A Guide To Compression Springs

Posted by Admin on June, 30, 2012

Compression Springs have an open-coil helical structure which resists the compression force that is applied axially. Today aerospace sector and automobile companies are resorting to Compression Springs for various applications. This spring looks like a straight cylinder which is made by using round wire.

What Are The Common Types Of Compression Springs?
Square, rectangular, conical, convex, concave, round and tapered are the several types of compression springs and each design accounts for different applications. Among these, the round wires are being used widely. These can be classified on the basis of spacing between the wires. Here, spacing is given to decide upon the internal and external diameter and a definite height. This spacing governs the dimensional limitations. There are two specifications which are mandatory for these springs such as operational design characteristics and invaluable for reference.

What Are The Common Uses Of Compression Springs?
Compression Springs are used in many types of devices and equipment whether large or small. Their demand has steadily increased as they are an important part of the following:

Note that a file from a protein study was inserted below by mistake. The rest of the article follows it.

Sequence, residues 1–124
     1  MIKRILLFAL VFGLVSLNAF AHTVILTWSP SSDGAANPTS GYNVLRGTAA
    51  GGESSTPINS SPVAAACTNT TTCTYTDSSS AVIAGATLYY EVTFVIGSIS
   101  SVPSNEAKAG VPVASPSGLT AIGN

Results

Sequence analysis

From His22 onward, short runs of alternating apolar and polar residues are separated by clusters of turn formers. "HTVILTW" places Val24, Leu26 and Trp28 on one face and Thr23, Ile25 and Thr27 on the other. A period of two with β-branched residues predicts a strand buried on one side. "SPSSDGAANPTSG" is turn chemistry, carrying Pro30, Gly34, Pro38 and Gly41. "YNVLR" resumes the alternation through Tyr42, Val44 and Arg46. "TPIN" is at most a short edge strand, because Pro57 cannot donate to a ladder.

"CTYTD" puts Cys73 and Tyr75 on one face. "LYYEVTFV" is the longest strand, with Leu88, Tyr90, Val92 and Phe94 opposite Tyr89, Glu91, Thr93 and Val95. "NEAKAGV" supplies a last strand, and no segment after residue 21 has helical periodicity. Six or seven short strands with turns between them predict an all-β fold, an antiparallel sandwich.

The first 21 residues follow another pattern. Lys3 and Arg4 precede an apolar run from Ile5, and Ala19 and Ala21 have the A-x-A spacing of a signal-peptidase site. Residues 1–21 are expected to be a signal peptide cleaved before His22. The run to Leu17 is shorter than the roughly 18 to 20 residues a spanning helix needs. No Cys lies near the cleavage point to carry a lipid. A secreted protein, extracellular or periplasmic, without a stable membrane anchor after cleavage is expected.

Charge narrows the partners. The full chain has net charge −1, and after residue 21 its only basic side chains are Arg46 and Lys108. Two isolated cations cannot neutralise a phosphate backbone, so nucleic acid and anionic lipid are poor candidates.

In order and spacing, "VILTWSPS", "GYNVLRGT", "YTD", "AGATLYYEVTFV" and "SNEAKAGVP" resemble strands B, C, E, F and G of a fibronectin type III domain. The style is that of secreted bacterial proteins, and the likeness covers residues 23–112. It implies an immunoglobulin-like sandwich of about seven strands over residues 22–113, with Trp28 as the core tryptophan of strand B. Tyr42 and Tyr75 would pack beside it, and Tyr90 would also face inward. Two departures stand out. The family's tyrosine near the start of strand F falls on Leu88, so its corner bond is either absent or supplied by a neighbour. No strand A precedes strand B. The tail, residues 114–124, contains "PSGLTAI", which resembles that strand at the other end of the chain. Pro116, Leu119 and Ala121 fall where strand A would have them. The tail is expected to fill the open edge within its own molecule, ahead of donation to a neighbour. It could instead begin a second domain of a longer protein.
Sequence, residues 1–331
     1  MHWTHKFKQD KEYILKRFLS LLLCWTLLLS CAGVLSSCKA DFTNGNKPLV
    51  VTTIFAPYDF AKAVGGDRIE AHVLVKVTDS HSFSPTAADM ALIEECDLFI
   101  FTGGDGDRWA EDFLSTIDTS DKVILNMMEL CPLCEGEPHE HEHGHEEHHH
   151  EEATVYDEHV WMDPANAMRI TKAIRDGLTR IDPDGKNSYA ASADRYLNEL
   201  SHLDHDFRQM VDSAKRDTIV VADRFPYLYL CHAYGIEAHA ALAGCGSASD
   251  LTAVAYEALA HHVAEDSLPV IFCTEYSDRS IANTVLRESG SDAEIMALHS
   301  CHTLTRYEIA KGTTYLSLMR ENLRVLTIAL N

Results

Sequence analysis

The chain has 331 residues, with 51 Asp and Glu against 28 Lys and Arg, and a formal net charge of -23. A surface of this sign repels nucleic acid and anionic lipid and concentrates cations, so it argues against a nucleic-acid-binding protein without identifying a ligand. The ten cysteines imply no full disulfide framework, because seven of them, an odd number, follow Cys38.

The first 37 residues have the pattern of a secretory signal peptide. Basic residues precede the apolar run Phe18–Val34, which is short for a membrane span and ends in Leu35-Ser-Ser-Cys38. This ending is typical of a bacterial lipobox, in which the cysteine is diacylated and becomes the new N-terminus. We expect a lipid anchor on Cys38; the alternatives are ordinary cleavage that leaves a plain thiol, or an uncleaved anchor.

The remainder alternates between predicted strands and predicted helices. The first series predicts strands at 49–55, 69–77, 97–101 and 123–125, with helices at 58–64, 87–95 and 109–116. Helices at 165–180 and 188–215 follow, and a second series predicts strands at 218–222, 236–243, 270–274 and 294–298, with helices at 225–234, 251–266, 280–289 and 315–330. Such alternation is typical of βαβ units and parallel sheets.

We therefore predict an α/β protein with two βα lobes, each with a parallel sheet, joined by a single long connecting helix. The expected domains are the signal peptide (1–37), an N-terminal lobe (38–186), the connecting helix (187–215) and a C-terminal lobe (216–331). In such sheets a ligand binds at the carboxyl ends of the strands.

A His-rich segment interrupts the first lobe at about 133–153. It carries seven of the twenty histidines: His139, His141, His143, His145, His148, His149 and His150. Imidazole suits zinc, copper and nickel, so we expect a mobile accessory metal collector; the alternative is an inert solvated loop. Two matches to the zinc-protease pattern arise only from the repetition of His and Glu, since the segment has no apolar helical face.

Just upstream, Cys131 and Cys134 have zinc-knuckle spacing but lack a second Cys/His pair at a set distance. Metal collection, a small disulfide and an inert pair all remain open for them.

• Cell phones
  • Electronics
  • Lawn mowers
  • Medical devices
  • Automotive engines
  • Large stamping presses
  • Sensitive instrumentation devices

What To Consider While Buying Compression Springs?
While buying Compression Springs, it is mandatory to consider the solid height, dimensions and spring rate. The stress level is determined by three major factors: deflection, dimensional limitations and load requirement. The springs are usually designed to possess less stress level. This prevents the bending stress. To overcome the drawback of torsional spring, compression spring was introduced, since torsional spring upon compression completely fails to go beyond 40% of the capacity to tolerate least tensile strength. Compression Spring can tolerate tensional stress that can go beyond 60% of the capacity of a material to tolerate the least tensile strength. By paying heed to these instructions related to design, type and specifications of compression springs you can take your buying decisions more efficiently.

This piece of information will not let the manufacturers deceive you or influence your buying decisions.

This entry was posted on June, 30, 2012 at 11 : 13 am and is filed under Compression Spring. You can follow any responses to this entry through the RSS 2.0 feed. You can leave a response from your own site.

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